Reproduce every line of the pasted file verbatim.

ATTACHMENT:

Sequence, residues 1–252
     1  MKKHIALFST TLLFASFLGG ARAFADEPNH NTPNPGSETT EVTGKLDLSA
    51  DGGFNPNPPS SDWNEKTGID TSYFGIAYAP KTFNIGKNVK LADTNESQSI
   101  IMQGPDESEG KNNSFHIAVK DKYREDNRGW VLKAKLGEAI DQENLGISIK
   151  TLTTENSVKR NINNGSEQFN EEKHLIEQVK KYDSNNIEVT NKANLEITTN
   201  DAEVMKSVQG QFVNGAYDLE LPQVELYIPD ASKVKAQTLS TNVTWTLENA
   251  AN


Sequence, residues 1–252
     1  MKKHIALFST TLLFASFLGG ARAFADEPNH NTPNPGSETT EVTGKLDLSA
    51  DGGFNPNPPS SDWNEKTGID TSYFGIAYAP KTFNIGKNVK LADTNESQSI
   101  IMQGPDESEG KNNSFHIAVK DKYREDNRGW VLKAKLGEAI DQENLGISIK
   151  TLTTENSVKR NINNGSEQFN EEKHLIEQVK KYDSNNIEVT NKANLEITTN
   201  DAEVMKSVQG QFVNGAYDLE LPQVELYIPD ASKVKAQTLS TNVTWTLENA
   251  AN